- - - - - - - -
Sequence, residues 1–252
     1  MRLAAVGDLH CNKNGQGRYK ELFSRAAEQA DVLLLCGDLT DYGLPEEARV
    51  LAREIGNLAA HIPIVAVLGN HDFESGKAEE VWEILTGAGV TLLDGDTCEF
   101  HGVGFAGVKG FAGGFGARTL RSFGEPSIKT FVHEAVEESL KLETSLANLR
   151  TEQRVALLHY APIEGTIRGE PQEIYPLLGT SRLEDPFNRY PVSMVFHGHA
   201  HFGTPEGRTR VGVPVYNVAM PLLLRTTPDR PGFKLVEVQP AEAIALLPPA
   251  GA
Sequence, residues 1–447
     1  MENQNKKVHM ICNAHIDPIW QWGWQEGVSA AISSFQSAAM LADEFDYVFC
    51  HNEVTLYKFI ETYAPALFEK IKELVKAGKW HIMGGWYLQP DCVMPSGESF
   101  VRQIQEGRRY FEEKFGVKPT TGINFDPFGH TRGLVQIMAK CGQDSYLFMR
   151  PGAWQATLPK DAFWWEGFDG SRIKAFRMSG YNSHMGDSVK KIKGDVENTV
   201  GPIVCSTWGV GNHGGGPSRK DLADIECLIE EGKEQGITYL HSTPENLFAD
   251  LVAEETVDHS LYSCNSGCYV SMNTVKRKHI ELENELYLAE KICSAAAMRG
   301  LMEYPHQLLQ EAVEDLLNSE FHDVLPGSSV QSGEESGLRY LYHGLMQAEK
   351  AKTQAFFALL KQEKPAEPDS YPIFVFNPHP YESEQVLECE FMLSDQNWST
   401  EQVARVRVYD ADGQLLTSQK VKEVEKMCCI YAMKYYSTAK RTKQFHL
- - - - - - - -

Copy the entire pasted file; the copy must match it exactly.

Sequence, residues 1–252
     1  MRLAAVGDLH CNKNGQGRYK ELFSRAAEQA DVLLLCGDLT DYGLPEEARV
    51  LAREIGNLAA HIPIVAVLGN HDFESGKAEE VWEILTGAGV TLLDGDTCEF
   101  HGVGFAGVKG FAGGFGARTL RSFGEPSIKT FVHEAVEESL KLETSLANLR
   151  TEQRVALLHY APIEGTIRGE PQEIYPLLGT SRLEDPFNRY PVSMVFHGHA
   201  HFGTPEGRTR VGVPVYNVAM PLLLRTTPDR PGFKLVEVQP AEAIALLPPA
   251  GA
Sequence, residues 1–447
     1  MENQNKKVHM ICNAHIDPIW QWGWQEGVSA AISSFQSAAM LADEFDYVFC
    51  HNEVTLYKFI ETYAPALFEK IKELVKAGKW HIMGGWYLQP DCVMPSGESF
   101  VRQIQEGRRY FEEKFGVKPT TGINFDPFGH TRGLVQIMAK CGQDSYLFMR
   151  PGAWQATLPK DAFWWEGFDG SRIKAFRMSG YNSHMGDSVK KIKGDVENTV
   201  GPIVCSTWGV GNHGGGPSRK DLADIECLIE EGKEQGITYL HSTPENLFAD
   251  LVAEETVDHS LYSCNSGCYV SMNTVKRKHI ELENELYLAE KICSAAAMRG
   301  LMEYPHQLLQ EAVEDLLNSE FHDVLPGSSV QSGEESGLRY LYHGLMQAEK
   351  AKTQAFFALL KQEKPAEPDS YPIFVFNPHP YESEQVLECE FMLSDQNWST
   401  EQVARVRVYD ADGQLLTSQK VKEVEKMCCI YAMKYYSTAK RTKQFHL